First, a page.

As we all know, multimode fiber is usually divided into OM1, OM2, OM3 and OM4. Then how about single mode fiber? In fact, the types of single mode fiber seem much more complex than multimode fiber. There are two primary sources of specification of single mode optical fiber. One is the ITU-T G.65x series, and the other is IEC 60793-2-50 (published as BS EN 60793-2-50). Rather than refer to both ITU-T and IEC terminology, I’ll only stick to the simpler ITU-T G.65x in this article. There are 19 different single mode optical fiber specifications defined by the ITU-T.
Each type has its own area of application and the evolution of these optical fiber specifications reflects the evolution of transmission system technology from the earliest installation of single mode optical fiber through to the present day. Choosing the right one for your project can be vital in terms of performance, cost, reliability and safety. In this post, I may explain a bit more about the differences between the specifications of the G.65x series of single mode optical fiber families. Hope to help you make the right decision.
The ITU-T G.652 fiber is also known as standard SMF (single mode fiber) and is the most commonly deployed fiber. It comes in four variants (A, B, C, D). A and B have a water peak. C and D eliminate the water peak for full spectrum operation. The G.652.A and G.652.B fibers are designed to have a zero-dispersion wavelength near 1310 nm, therefore they are optimized for operation in the 1310-nm band. They can also operate in the 1550-nm band, but it is not optimized for this region due to the high dispersion. These optical fibers are usually used within LAN, MAN and access network systems. The more recent variants (G.652.C and G.652.D) feature a reduced water peak that allows them to be used in the wavelength region between 1310 nm and 1550 nm supporting Coarse Wavelength Division Multiplexed (CWDM) transmission.
G.653 single mode fiber was developed to address this conflict between best bandwidth at one wavelength and lowest loss at another. It uses a more complex structure in the core region and a very small core area, and the wavelength of zero chromatic dispersion was shifted up to 1550 nm to coincide with the lowest losses in the fiber. Therefore, G.653 fiber is also called dispersion-shifted fiber (DSF). G.653 has a reduced core size, which is optimized for long-haul single mode transmission systems using erbium-doped fiber amplifiers (EDFA). However, its high power concentration in the fiber core may generate nonlinear effects. One of the most troublesome, four-wave mixing (FWM), occurs in a Dense Wavelength Division Multiplexed (CWDM) system with zero chromatic dispersion, causing unacceptable crosstalk and interference between channels.
The G.654 specifications entitled “characteristics of a cut-off shifted single mode optical fiber and cable.” It uses a larger core size made from pure silica to achieve the same long-haul performance with low attenuation in the 1550-nm band. It usually also has high chromatic dispersion at 1550 nm, but is not designed to operate at 1310 nm at all. G.654 fiber can handle higher power levels between 1500 nm and 1600 nm, which is mainly designed for extended long-haul undersea applications.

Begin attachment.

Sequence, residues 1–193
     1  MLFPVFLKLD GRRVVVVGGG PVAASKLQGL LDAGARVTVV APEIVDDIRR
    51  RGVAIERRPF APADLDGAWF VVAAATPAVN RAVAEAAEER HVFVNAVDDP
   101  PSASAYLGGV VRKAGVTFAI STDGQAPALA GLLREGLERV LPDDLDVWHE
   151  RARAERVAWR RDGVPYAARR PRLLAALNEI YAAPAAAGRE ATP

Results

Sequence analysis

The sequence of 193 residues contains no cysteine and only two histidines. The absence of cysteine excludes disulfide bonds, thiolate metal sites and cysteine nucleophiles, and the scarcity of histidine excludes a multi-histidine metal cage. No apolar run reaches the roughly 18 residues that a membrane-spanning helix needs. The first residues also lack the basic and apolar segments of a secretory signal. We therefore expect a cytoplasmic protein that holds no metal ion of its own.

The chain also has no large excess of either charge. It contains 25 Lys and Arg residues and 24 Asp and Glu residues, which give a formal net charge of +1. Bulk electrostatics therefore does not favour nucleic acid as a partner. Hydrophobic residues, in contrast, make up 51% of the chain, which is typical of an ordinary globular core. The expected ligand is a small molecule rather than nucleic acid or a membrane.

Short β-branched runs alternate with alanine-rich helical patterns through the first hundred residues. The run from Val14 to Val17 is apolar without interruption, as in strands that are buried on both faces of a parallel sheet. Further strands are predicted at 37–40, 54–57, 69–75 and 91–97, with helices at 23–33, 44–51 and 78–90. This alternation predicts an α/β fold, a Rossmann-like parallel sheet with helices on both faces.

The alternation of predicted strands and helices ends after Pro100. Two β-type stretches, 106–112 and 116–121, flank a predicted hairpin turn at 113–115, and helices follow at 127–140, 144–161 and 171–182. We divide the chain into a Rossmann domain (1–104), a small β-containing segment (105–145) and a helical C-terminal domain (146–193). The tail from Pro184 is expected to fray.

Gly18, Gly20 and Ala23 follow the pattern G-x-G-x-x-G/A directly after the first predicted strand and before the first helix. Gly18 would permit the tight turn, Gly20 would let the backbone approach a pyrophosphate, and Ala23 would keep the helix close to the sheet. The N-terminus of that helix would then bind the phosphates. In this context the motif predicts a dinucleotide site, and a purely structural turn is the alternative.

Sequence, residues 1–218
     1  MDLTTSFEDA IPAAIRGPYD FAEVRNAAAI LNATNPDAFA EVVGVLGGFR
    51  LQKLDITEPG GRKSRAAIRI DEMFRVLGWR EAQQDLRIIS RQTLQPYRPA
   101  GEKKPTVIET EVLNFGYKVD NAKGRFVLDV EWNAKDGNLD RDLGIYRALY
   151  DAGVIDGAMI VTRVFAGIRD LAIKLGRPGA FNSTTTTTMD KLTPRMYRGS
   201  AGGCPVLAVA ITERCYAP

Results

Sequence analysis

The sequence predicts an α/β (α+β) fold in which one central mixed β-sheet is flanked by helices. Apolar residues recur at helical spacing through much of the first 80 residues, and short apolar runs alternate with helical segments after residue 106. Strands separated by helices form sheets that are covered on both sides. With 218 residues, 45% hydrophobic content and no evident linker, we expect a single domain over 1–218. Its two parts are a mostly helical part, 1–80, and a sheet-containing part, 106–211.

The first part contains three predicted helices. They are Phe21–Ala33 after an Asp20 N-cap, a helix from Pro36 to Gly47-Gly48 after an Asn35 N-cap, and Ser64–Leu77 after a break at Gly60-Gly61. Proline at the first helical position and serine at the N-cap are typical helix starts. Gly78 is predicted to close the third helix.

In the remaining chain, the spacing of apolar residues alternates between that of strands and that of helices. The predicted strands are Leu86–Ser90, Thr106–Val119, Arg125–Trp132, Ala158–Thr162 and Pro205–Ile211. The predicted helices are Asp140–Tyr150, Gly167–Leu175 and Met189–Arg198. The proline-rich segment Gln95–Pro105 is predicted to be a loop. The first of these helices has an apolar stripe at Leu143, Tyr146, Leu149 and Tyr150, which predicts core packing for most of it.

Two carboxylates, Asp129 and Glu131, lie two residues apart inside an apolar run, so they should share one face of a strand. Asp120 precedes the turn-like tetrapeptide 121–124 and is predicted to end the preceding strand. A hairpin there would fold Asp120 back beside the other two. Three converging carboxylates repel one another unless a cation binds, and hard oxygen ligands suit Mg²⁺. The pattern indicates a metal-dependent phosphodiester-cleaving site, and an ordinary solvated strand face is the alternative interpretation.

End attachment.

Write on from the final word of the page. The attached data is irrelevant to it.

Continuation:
G.655 is known as non-zero dispersion-shifted fiber (NZDSF). It has a small, controlled amount of chromatic dispersion in the C-band (1530-1560 nm), where amplifiers work best, and has a larger core area than G.653 fiber. NZDSF fiber overcomes problems associated with four-wave mixing and other nonlinear effects by moving the zero-dispersion wavelength outside the 1550-nm operating window. There are two types of NZDSF, known as (-D)NZDSF and (+D)NZDSF. They have respectively a negative and positive slope versus wavelength. The following picture depicts the dispersion properties of the four main single mode fiber types. The typical chromatic dispersion of a G.652 compliant fiber is 17ps/nm/km. G.655 fibers were mainly used to support long-haul systems that use DWDM transmission.
As well as fibers that work well across a range of wavelengths, some are designed to work best at specific wavelengths. This is the G.656, which is also called Medium Dispersion Fiber (MDF). It is designed for local access and long haul fiber that performs well at 1460 nm and 1625 nm. This kind of fiber was developed to support long-haul systems that use CWDM and DWDM transmission over the specified wavelength range. And at the same time, it allows the easier deployment of CWDM in metropolitan areas, and increase the capacity of fiber in DWDM systems.
G.657 optical fibers are intended to be compatible with the G.652 optical fibers but have differing bend sensitivity performance. It is designed to allow fibers to bend, without affecting performance. This is achieved through an optical trench that reflects stray light back into the core, rather than it being lost in the cladding, enabling greater bending of the fiber. As we all know, in cable TV and FTTH industries, it is hard to control bend radius in the field. G.657 is the latest standard for FTTH applications, and, along with G.652 is the most commonly used in last drop fiber networks.
From the passage above, we know that different kind of single mode fiber has different application. Since G.657 is compatible with the G.652, some planners and installers are usually likely to come across them. In fact, G657 has a larger bend radius than G.652, which is especially suitable for FTTH applications. And due to problems of G.643 being used in WDM system, it is now rarely deployed, being superseded by G.655. G.654 is mainly used in subsea application. According to this passage, I hope you have a clear understanding of these single mode fibers, which may help you make the right decision.
Post time: Sep-03-2021